Source: The Conversation (Au and NZ) – By Frank Bongiorno, Professor of History, ANU College of Arts and Social Sciences, Australian National University
Wes Mountain/The Conversation, CC BY-ND
Two summers did for Scott Morrison. The first was that of 2019-20, with its fire, smoke and ash. The second occurred two years later when, having earlier muddled the vaccine program, the federal government failed to secure sufficient access to rapid antigen test (RAT) kits. The removal from the country early in 2022 of an unvaccinated Novak Djokovic ahead of the Australian Open tennis tournament provided some diversionary drama but contributed to the overall impression of pandemic mismanagement already etched on public opinion.
2022 was a year of three elections. The first seems almost forgotten outside South Australia, but the March 19 election there mattered beyond its borders, because it saw the first pandemic-era government ejected from office when Peter Malinauskas defeated the Liberal government of Steven Marshall on a two-party preferred swing of more than 6.5%.
There were also changes of leadership, although not of government, in Tasmania and the Northern Territory. All this looked like a thinning of the ranks of those leaders who had steered it through the crisis, even a changing of the guard.
Would Morrison be next? Not if he could help it, but public reaction to his ukulele performance on 60 Minutes suggested that he would not be able simply to reprise the “daggy dad” routine that worked a treat at the 2019 election. This time the public wasn’t buying.
A stench of decay clung to his government. It had to endure a revolt from members of its own ranks over the issue of the rights of transgender children and teachers in connection with the effort to legislate against religious discrimination. It lacked credibility on climate change policy, adopting a 2050 net zero emissions target too late and without a satisfactory pathway. It flaunted its refusal to legislate a workable anti-corruption commission. Relations with China were in a dreadful state.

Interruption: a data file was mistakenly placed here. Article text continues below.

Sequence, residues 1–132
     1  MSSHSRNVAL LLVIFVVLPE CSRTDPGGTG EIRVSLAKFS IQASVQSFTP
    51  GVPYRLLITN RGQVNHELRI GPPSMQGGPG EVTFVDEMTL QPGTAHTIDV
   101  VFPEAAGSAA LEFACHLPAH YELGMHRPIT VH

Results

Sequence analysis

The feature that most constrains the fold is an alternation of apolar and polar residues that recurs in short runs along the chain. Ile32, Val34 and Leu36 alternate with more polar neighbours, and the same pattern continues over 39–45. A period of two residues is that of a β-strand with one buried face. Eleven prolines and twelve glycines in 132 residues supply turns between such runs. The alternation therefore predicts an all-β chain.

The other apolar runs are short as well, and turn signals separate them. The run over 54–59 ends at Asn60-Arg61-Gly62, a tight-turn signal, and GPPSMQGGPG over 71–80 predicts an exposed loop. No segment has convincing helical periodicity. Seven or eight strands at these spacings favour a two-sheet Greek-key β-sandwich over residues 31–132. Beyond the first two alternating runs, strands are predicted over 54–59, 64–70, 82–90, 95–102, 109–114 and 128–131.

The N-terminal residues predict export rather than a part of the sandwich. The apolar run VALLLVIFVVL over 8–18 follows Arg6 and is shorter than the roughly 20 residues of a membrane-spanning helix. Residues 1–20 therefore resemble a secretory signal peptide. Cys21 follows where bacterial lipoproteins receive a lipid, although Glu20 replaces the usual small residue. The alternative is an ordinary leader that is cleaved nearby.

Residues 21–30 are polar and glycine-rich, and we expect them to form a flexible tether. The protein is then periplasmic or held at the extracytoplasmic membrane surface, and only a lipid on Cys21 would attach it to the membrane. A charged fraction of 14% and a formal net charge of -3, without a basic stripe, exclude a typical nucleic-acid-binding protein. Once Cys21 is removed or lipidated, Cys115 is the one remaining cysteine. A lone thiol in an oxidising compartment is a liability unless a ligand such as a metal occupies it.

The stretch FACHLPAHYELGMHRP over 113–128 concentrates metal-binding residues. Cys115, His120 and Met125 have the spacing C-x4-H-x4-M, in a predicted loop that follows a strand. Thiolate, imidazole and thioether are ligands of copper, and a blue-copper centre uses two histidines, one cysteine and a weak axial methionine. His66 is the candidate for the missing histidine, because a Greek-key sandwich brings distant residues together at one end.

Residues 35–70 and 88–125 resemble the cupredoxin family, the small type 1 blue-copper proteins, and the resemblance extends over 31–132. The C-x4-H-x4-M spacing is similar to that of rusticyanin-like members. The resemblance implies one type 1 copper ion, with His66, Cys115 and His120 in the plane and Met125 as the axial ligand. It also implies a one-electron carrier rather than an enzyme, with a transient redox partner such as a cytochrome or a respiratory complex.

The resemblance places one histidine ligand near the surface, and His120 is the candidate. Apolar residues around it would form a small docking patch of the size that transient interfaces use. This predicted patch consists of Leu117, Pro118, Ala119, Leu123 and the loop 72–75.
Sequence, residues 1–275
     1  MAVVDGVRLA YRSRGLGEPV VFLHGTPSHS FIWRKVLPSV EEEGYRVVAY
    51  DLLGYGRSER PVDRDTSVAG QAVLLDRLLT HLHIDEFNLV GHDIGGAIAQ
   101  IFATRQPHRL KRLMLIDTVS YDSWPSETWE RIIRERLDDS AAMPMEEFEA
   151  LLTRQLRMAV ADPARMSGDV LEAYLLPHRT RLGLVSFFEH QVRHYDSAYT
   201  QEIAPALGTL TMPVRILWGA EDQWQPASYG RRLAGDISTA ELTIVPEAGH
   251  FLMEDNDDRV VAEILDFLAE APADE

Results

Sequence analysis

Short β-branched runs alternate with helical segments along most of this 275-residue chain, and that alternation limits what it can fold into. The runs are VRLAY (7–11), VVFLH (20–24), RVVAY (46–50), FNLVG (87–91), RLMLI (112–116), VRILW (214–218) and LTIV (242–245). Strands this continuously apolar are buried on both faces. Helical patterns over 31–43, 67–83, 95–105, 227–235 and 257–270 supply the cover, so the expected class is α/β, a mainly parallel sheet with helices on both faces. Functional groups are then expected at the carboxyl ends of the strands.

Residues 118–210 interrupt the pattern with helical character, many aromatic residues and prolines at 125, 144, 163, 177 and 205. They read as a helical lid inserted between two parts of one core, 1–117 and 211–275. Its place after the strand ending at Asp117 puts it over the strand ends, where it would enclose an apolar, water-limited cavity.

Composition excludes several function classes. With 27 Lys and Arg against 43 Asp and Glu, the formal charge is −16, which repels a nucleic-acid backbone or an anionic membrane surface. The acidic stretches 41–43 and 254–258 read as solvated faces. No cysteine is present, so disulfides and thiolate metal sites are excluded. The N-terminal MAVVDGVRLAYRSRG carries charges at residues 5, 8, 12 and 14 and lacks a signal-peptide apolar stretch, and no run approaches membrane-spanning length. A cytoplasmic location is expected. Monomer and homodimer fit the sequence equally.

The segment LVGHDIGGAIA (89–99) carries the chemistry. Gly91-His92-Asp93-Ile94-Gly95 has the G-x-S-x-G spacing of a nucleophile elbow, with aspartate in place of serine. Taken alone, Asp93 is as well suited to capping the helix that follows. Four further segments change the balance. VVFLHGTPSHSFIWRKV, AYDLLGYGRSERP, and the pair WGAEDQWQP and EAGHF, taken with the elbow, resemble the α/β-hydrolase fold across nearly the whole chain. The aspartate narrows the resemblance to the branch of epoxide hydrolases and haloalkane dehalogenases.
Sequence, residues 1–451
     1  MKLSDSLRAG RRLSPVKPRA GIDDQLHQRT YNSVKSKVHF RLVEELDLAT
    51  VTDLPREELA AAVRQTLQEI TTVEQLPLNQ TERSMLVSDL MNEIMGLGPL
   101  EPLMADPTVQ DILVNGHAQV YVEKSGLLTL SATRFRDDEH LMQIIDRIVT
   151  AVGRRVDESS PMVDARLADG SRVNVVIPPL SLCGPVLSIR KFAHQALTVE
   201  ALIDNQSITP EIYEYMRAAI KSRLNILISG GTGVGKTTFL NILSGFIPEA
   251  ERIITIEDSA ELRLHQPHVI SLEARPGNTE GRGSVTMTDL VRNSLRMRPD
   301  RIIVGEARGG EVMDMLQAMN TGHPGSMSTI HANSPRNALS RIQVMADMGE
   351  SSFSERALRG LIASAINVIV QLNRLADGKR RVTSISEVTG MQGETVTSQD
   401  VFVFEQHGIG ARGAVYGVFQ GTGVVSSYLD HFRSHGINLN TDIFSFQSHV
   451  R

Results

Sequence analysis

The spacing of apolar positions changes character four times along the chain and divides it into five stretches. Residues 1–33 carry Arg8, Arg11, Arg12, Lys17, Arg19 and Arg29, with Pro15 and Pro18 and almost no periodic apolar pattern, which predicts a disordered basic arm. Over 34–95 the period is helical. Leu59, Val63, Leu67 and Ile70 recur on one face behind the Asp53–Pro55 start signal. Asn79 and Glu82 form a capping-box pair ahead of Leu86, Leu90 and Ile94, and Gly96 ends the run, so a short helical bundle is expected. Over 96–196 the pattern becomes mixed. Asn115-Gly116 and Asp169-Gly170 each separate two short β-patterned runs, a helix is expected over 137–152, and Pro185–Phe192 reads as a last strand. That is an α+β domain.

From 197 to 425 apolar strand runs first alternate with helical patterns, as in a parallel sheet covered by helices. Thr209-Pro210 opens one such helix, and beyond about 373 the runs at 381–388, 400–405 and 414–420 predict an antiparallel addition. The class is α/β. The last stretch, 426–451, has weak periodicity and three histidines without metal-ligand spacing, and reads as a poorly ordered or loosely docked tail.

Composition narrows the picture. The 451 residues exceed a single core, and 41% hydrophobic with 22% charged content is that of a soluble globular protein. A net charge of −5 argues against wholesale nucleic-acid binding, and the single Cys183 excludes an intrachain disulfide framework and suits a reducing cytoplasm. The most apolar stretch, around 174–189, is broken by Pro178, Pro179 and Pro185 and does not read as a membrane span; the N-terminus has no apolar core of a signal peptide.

As the Omicron variant of COVID-19 spread through the community, Australia’s infection rates climbed dramatically, although these now received less intense media publicity than before. Undaunted, thousands of freedom protesters descended on Canberra in February.
The federal election campaign was, for the major parties, an uninspiring affair and for the mainstream media, a nadir that should have prompted more soul-searching than it did. Morrison said he was a bulldozer, assured us he could change, and then bulldozed an eight-year-old boy during a soccer match. Albanese spoke often of his personal story in the campaign as the son of an invalid pensioner who grew up in public housing.
The election of May 21 saw Labor return to office with a narrow majority and a primary vote in the low 30s, the lowest for a winning party since the adoption of the preferential system in 1918.
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But the scenario for the Coalition was far worse. Not only had it lost seats to Labor and the Greens, community independents or “teals” made massive incursions into its old metropolitan heartland. Even Robert Menzies’ old seat of Kooyong went, with Treasurer Josh Frydenberg losing to paediatric neurologist Monique Ryan. The successful teal candidates were all professional women, reflecting a wider dissatisfaction among women with the government and Morrison personally.